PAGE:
Look around at what YOU find the most attractive and stylish. Just because you’re in the younger crowd, doesn’t mean you have to wear only age appropriate threads. If we’re being honest, ‘age appropriate’ really means, ‘the younger you are, the worse it will fit.’ 20 year olds in suits are usually wearing a jacket 2+” too big, cut incorrectly, and slacks that aren’t tailored. If you want to change the game, get a professional fitting so what you wear actually fits you… regardless of whether it was $16 or $1600. Fit makes all the difference.

  • menstyle

    There are different styles of clothing based on the event and venue that you are going to. Which one are you pertaining to, Juan?

  • menstyle

    That is true, Michael!

  • menstyle

    Wow! So glad to hear that, Jack! :)

  • menstyle

    I totally agree! :)

  • Shailja kapoor

    Hi, thanks for your advice. I read your blog and you gave me knowledge about fashion tips for Young Men. I read many thing about men fashion from your article like Keep Your Style Simple, Shop At Thrift Stores, Study History & The Role Of Clothing, Find a Style Mentor, Visit the Best Menswear Store Available, Learn to Sew and Teach Others.You gave me great information about study history and the role of clothing in your life. This is a great idea for young men how to choose clothes. I have read another article. Please check the mentioned link and if you like this blog then reply to our website…http://bit.ly/1mlmp3y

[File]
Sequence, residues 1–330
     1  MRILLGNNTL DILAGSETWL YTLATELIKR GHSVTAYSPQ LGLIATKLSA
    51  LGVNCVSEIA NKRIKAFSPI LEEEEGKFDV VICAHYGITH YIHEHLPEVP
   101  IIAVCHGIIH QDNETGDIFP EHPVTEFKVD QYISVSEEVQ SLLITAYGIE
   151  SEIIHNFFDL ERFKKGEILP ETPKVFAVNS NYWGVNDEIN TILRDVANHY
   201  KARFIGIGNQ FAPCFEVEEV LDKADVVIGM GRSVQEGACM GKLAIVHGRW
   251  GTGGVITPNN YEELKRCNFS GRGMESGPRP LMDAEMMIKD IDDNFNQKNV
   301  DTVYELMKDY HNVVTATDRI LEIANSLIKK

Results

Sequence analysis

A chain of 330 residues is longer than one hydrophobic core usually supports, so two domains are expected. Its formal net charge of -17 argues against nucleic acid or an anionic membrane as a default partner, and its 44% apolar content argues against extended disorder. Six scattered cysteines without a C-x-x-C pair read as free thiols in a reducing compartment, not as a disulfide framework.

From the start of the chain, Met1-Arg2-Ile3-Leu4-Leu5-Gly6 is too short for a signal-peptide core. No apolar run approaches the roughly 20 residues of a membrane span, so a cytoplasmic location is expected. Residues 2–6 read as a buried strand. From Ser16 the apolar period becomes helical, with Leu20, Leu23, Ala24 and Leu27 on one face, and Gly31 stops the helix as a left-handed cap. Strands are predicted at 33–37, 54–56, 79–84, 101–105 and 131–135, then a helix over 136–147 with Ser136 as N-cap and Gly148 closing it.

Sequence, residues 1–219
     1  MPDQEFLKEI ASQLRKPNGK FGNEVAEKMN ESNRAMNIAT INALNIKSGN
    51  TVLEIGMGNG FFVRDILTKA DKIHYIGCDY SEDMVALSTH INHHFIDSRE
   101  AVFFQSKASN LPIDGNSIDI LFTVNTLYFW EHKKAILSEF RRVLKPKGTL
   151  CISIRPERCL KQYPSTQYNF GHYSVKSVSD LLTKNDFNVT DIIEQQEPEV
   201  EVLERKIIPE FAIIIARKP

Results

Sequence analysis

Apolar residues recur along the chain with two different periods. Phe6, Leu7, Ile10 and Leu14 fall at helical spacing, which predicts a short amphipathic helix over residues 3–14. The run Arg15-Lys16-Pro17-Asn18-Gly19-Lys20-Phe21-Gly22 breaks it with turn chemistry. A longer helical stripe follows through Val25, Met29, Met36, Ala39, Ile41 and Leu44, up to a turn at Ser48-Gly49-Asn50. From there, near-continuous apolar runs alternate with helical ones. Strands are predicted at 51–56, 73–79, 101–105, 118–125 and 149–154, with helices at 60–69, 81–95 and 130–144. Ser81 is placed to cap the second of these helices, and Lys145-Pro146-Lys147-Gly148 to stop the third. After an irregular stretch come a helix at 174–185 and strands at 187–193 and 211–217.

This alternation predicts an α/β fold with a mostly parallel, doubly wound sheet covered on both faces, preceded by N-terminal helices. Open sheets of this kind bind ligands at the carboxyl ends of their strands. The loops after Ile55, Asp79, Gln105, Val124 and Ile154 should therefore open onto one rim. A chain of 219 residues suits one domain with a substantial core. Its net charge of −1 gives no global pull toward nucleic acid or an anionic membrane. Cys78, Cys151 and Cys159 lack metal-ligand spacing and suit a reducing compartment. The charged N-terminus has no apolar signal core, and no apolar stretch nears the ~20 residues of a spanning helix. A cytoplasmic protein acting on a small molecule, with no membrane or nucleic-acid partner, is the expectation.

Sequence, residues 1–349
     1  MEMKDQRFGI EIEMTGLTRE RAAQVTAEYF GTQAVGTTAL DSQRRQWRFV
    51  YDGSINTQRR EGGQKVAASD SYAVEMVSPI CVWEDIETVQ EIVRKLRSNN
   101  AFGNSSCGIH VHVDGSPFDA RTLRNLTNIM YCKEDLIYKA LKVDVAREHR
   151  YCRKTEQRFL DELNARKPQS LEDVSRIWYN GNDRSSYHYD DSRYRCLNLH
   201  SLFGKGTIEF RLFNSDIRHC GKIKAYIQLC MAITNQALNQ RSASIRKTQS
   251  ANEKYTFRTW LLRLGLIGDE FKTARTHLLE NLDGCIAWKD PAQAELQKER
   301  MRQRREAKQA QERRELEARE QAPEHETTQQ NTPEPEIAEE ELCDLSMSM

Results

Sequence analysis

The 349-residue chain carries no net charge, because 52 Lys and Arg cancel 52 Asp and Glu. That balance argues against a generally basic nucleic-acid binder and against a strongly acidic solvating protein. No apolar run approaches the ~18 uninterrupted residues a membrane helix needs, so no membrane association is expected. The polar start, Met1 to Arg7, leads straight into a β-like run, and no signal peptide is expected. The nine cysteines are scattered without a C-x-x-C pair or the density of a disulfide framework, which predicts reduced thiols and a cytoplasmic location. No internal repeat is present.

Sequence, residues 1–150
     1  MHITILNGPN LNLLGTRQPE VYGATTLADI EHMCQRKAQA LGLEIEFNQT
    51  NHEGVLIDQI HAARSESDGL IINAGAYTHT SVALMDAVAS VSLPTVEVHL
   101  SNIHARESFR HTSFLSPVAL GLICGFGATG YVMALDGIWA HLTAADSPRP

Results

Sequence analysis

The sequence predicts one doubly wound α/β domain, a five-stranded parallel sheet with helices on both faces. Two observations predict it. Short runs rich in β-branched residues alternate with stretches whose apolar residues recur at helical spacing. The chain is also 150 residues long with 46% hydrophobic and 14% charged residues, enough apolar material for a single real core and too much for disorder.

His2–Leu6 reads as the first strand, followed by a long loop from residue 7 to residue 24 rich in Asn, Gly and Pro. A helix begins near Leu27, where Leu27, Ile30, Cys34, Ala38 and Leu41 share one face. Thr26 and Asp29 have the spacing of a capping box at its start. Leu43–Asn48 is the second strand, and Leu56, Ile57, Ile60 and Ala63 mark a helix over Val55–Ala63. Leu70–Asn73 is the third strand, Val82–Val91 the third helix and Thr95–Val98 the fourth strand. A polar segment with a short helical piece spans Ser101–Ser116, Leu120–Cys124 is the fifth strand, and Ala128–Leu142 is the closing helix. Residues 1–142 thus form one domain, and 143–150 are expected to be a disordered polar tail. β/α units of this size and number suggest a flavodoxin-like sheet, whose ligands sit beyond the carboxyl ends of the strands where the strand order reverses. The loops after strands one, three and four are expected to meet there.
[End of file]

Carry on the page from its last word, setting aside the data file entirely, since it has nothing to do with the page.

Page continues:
• TANVEER

    really good tips for young men…thank you…

  • menstyle

    You are welcome, Tanveer.

  • Camilo

    Antonio,
    I totally agree with what you said about these tips being worth for everyone, not just for young men.

  • menstyle

    Glad to know! Thanks :)